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Mixologists

Re-creating Crème Yvette

June 15, 2010 By: Jack Robertiello


Rob Cooper of Cooper Spirits International has liqueur running through his veins. As a third generationRob Cooper distiller with family roots at Charles Jacquin et Cie and as the man who launched the critically acclaimed St-Germain Elderflower liqueur, Cooper has set the cocktail world on fire. And recently, he’s been responsible for the long-awaited return of Crème Yvette, an original ingredient in the Aviation that Jacquin produced before discontinuing in 1969. With the relaunch earlier this year, bartenders cheered and instantly embraced it as a cocktail ingredient, so we thought it was time to check in with Cooper and see how things were going:

NCB Mix: You've recently released another cocktail-centric cordial, Crème Yvette, which has seen great acceptance from bartenders. How do you compare reviving this old recipe to the creation of your St-Germain?

Rob Cooper: There was a significant difference in the development of Crème Yvette versus St-Germain. Crème Yvette is a restoration of something that had existed since the late 19th century, and St-Germain was a pure creative expression. St-Germain is a reflection of my own personal vision, and Crème Yvette is simply a dusting off and polishing of a wonderful historic cocktail ingredient.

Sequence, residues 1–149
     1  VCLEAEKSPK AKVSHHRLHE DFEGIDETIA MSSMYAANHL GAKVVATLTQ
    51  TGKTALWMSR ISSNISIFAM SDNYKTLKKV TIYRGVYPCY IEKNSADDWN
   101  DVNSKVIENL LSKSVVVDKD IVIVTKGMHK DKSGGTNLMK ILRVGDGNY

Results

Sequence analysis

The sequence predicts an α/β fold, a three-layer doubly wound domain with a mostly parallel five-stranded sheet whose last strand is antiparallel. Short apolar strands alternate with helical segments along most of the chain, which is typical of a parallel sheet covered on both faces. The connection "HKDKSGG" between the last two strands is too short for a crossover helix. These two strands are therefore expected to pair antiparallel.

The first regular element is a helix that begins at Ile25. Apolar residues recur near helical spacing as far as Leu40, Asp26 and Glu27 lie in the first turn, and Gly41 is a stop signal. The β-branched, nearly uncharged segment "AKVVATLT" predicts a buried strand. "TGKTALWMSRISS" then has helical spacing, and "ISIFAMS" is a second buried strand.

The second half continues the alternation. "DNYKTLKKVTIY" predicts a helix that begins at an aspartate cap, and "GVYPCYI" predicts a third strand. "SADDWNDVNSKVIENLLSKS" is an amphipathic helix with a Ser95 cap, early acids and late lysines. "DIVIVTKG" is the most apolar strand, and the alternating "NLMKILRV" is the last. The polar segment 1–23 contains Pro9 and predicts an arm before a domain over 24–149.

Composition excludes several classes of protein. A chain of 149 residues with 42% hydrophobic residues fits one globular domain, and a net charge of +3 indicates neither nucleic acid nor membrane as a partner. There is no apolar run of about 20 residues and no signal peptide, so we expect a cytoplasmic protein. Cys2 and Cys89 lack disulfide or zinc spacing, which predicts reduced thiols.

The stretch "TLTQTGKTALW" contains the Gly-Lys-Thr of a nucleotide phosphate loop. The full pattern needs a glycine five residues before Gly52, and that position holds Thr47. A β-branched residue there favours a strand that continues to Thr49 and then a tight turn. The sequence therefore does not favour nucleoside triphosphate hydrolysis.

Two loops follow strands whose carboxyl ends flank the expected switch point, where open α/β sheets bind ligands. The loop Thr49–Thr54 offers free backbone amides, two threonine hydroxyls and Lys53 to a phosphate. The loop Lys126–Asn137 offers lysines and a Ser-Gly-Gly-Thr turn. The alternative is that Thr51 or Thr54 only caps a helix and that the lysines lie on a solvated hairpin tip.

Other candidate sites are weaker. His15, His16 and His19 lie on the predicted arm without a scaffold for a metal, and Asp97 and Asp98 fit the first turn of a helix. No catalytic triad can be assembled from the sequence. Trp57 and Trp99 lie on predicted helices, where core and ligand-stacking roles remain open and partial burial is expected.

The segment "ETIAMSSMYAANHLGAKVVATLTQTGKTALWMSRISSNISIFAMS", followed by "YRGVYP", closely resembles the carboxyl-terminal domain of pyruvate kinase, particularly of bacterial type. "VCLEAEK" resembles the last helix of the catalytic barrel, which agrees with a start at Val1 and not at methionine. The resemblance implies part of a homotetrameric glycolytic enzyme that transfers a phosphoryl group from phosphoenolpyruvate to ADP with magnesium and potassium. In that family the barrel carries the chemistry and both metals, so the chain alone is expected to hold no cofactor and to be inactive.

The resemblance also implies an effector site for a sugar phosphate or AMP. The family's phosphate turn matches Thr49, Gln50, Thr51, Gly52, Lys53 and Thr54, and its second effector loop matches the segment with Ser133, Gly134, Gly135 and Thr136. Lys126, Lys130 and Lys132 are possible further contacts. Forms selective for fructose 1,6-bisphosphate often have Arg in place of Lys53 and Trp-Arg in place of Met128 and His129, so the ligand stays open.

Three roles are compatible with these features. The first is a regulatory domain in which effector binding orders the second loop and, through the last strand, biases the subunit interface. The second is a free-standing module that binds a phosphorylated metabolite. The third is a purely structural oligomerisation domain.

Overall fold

NCB Mix: What were the difficulties in reviving the old recipe?

RC: The records. There was little historic information at Jacquin regarding Crème Yvette. Fortunately, I found a recipe from the ‘40s in carbon copy paper of the formula. We used the same recipe, but we took the artificial violet color out. It is all natural now and just a blend of the four berry fruits and violet petals.

NCB Mix: What sort of feedback are you getting so far? Do you think Crème Yvette will be able to break out of the cocktail club world to retail the way St-Germain has?

RC: The feedback we have received so far has been stellar. The product is very well made, has a lot of integrity and is relatively unique. That said, I really don’t know how it will do. We have tempered expectations for Crème Yvette. It is mostly an homage to the storied history of cocktails and the recent resurgence of this rich cocktail culture. It is a legendary product that was used during a very important span of cocktail history--the late 19th century to the mid 20th century. We have unearthed some great historic references of Crème Yvette cocktails during that period.

NCB Mix: In general, the last few years haven't been favorable for the cordial business — from top to bottom, the established brands have had a hard time at bars and restaurants. How have you been able to swim against the tide?
 
RC: We have been very fortunate with St-Germain. It happens to be an unusually high integrity product with an overtly approachable flavor. It is more versatile than any other liqueur on the market and has a high degree of accessibility and usability for a product that is so unique and well made.

NCB Mix: I remember when you were developing St-Germain that you sort of beta-tested it with some people to get input. Is that important in today's bottom-up bar world?

RC: I would say the bar trade has almost top-down influence. These are the people that are often the most educated and therefore have enough foresight and wisdom to give an indication of the potential of a new product. St-Germain was very difficult to produce and took almost five years to develop from idea to launch. We had a lot of time to sprinkle earlier versions around to friends.

NCB Mix: Are there other old cordials or liqueurs waiting to be reawakened?

RC: This is a question best answered by Eric Seed.

NCB Mix: What's your favorite cocktail right now? 
 
RC: I am a big a fan of the Slippery Nipple.
 


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